Should Collaboration Be More Selfish?

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A New Perspective

The word collaboration has special meaning these days. Companies want to enable more collaboration within their teams. The goal is to create better informed and more creative organizations that can better deliver on business objectives. This certainly seems to make sense. Good things often happen when people connect on a human level and are able to deliver the strategic thinking that often goes unspoken. But could it make sense for collaboration to be more selfish? More focused on what an individual gets from an interaction rather than what they deliver?

Current State

In a world where everyone is scheduled within an inch of their lives, and free time is elusive at best, there appears to be an underlying desire to find ways to simply get things done. At Haydle we think about this a lot, and have actually built the idea into our product by creating a cause and effect scenario, …ask a question, get an answer, take action.

An example of this idea is what we call the 3:00pm on a Friday scenario. We’ve all been there. The day has slipped away and an EOD deadline is looming. All we want to do is find a way to complete our task and avoid the negativity involved in a missed deadline and the disappointment of canceled personal events that occur as a result. In this scenario, we really need to collaborate with our peers, not to develop the next big idea but to complete a critical task that has measurable impact to the business.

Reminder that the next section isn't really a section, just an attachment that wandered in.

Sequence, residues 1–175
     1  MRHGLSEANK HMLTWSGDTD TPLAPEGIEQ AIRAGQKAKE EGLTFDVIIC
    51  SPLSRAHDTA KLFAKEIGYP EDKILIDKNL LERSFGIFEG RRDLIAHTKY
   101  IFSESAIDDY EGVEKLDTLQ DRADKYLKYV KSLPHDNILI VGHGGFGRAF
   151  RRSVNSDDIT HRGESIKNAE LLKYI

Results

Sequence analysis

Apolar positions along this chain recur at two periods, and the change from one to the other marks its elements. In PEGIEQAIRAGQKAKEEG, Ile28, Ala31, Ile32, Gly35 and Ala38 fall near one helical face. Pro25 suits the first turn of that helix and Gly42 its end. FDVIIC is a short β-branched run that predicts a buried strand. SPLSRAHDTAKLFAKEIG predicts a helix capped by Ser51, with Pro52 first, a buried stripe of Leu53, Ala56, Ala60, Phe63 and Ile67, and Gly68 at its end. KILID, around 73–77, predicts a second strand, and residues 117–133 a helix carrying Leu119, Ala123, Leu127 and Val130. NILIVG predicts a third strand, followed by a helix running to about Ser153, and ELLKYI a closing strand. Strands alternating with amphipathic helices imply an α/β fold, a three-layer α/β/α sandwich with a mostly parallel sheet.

Changing persepctives

Collaboration, like many business processes often suffers from attempts to overwhelm the problem. Big software, big deployments, and big costs always seem to be the knee jerk response to enterprise challenges. But are we finally entering a time where the best solutions are lightweight, easy to learn and focused on enabling action? Consider Stowe Boyd’s comments on the scale of social business solutions in the CMSWire article “What’s Wrong with Social Collaboration Tools? Everything”:

“There is a growing interest in tools that help people to get work done at a smaller social scale, rather than tools organized around coordinating the work of others, and focused on larger social scale.”

This realization has been a long time coming. Perhaps it’s human nature to try and over-solve a problem with complex solutions offering many functions. Certainly the software selling community loves nothing more than a big sale to a big client. But the reality is that our hyper-competitive marketplace, where informed decision making and fast action are required is forcing a change in perspective. How does the product solve my challenge? How quickly does it deploy? How long will it take me to learn how to use it? Will it give me actionable information? These are the questions that make sense now.

Conclusion – Be a little selfish

There are many components to the collaborative enterprise, i.e. group chat, discussion boards, wikis, idea-tion spaces and Q&A are only some of the possibilities. Some of these functions have immediate impact, some are longer term. All are relevant. But the bottom line is that companies need to seriously think about their goal set. Is “go big or go home” really the approach that makes an organization more nimble? There is much evidence to the contrary. Perhaps it makes more sense to enable employees to be a bit selfish and avoid software that adds to their workloads and slows their efforts.  By resisting the instinct to hit a home run, leadership can pursue a less expensive and perhaps more informative path that will allow them to understand how social and collaborative tools can actually impact productivity and employee engagement.

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